That said, most people who take massively open online courses today, for example, have already earned college degrees. In a University of Pennsylvania study of 400,000 people from 201 countries, researchers found that 83 percent already had college degrees. This study focused on students who took courses on the Coursera platform.
If Internet-enabled education is to reach this lofty prediction of providing universal access to knowledge, the world has a long way to go, at least with massively open online courses.
As far as higher education goes, change will not only come to the way students learn, but how their learning will be assessed and rewarded.
Alex Halavais, an associate professor of social and behavioral sciences at Arizona State University, predicted, “The effects on learning will have the most impact, and I suspect these will be mostly for the better. I suspect we will start to see some really extraordinary changes in the way people learn over the next decade that will continue beyond that. Especially in higher education, the current institutional structures are at a breaking point, The Internet is both a large part of the problem and a part of the solution. Already, it is possible to learn in new ways using network resources, and this will continue. The larger change will be in the ways in which this learning is measured and communicated. As the diploma (high school and college) is joined by other forms of accepted credentials, traditional institutions of education will be joined by a range of alternatives. Like other institutions, the degree to which they can support and interact with these new alternatives, rather than compete with them, will determine their success.”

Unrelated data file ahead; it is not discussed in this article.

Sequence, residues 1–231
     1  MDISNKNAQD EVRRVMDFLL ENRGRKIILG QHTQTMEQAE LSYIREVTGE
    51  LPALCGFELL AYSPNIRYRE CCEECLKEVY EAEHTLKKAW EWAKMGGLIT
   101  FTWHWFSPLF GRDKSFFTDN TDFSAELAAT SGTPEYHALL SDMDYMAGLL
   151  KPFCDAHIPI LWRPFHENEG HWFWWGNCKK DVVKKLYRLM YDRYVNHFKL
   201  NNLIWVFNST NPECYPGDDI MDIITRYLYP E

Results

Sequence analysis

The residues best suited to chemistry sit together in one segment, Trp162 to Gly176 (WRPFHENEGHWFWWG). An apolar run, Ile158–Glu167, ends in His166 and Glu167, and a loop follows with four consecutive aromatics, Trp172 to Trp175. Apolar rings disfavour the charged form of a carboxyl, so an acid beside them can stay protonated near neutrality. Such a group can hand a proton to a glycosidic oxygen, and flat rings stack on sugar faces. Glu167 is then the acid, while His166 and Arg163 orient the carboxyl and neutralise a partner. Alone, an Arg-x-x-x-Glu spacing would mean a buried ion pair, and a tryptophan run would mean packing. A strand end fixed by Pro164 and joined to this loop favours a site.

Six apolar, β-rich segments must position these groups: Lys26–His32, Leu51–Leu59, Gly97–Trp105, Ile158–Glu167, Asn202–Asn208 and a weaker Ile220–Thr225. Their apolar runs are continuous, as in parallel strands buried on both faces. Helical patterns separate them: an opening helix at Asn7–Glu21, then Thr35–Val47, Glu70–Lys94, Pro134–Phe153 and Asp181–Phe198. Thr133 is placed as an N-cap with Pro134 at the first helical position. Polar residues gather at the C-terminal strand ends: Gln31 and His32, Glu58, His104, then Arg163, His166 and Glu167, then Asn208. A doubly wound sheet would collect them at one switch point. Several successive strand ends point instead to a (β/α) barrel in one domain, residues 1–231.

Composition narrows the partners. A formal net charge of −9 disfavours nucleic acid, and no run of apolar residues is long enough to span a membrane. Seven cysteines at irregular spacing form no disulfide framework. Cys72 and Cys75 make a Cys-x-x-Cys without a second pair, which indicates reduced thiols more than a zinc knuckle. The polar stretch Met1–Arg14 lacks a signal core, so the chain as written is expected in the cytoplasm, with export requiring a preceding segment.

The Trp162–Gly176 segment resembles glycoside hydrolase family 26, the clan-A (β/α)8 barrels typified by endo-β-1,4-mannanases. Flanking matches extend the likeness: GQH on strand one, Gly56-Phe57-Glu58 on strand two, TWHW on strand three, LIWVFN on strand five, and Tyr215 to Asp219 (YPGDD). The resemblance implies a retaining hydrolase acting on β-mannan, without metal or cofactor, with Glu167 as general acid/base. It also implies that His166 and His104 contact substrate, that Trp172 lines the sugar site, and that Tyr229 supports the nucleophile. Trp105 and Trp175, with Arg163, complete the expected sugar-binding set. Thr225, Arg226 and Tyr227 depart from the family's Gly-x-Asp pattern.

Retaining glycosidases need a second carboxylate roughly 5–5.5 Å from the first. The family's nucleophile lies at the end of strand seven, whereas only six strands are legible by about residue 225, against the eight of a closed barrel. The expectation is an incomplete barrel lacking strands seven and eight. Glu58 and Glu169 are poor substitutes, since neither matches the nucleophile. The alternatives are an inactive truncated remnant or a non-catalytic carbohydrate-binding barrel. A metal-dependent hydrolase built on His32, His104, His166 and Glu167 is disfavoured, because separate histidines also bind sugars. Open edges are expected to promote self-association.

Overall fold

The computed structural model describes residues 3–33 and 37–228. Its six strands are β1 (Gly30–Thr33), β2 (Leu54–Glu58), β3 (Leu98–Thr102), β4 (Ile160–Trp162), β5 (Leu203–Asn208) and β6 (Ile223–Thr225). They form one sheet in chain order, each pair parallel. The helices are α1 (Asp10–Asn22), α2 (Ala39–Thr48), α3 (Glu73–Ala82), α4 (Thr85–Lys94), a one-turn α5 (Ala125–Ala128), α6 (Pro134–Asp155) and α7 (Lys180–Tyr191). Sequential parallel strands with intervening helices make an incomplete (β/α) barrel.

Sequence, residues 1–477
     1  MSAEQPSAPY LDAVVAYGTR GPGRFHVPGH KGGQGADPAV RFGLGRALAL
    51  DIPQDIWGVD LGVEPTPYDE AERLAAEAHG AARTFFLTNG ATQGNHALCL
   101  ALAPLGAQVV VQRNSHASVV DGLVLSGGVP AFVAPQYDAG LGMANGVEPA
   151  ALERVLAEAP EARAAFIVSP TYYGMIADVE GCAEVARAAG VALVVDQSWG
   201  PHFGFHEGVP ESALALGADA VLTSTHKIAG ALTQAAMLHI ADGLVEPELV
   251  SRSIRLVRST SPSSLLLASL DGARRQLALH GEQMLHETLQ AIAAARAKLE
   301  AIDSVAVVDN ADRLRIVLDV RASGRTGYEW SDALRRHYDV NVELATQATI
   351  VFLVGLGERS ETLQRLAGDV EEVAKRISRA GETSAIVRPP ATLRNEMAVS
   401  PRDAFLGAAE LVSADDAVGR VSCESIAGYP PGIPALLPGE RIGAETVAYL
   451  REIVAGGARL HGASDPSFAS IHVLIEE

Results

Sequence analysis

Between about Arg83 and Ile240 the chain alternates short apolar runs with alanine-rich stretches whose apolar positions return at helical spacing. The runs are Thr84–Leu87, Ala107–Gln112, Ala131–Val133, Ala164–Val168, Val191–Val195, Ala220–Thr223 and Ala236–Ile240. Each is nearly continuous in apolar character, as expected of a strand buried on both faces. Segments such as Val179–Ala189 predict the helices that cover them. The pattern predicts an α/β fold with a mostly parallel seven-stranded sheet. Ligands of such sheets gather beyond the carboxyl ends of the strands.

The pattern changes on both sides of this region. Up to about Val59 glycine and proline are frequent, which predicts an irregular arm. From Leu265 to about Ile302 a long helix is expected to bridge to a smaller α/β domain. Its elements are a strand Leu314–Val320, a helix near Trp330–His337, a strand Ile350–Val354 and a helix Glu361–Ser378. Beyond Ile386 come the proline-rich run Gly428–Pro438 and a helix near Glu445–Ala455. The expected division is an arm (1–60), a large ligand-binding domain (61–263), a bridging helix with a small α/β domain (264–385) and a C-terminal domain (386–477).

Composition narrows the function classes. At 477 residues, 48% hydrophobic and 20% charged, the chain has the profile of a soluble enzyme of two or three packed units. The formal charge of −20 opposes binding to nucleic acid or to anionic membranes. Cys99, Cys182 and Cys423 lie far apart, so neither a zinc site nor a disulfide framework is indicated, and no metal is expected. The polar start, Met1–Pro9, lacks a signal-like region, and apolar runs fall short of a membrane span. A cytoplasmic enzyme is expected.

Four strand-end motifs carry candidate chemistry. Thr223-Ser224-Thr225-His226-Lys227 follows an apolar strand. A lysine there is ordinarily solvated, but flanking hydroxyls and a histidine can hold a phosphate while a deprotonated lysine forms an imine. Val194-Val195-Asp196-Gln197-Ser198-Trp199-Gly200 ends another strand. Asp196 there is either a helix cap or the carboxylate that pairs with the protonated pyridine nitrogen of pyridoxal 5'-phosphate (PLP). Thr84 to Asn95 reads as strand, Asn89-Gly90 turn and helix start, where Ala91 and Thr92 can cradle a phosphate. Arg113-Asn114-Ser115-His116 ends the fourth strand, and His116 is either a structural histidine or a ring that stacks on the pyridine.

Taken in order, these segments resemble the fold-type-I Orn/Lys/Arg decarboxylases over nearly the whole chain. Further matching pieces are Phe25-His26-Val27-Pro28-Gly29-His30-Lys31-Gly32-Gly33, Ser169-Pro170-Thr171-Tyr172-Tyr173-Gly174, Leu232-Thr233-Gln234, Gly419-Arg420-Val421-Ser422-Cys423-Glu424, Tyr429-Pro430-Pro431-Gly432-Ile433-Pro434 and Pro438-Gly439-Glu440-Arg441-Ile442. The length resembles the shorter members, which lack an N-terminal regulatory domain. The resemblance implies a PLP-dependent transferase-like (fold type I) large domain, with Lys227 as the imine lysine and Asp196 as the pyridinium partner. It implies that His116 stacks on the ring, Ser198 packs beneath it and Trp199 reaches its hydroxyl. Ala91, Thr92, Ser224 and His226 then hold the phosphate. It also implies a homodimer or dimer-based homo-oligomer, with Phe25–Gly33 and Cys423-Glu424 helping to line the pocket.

As cloud computing becomes more popular, the Internet cloud will take center stage, according to this next prediction. The Internet is already a place where people share and collaborate, but not necessarily toward one single goal.
Matthew Henry, chief information officer at a university, responded, “Eradication of disease, ubiquitous learning and education with cognitive science at its base, as well as understanding of each other across time, space, and cultures, will occur as ‘the Internet’ will become not a place you go to, but a part of how we live. The Internet will become a ‘world cloud’ for sharing, learning, and collaborating for the improvement of the human condition.”
But not everyone believes that education will undergo major change. When the promises of Internet-enabled education collide with reality, that experience could be like biting into a cream puff, only to find that it has no cream inside.
Justin Reich, a fellow at Harvard University’s Berkman Center for Internet & Society, said, “I will make one education-specific prediction: that the predictions about the transformation of the educational sector will prove far, far overblown. Especially in the K-12 system, schools in 2025 will look an awful lot like schools in 2013.”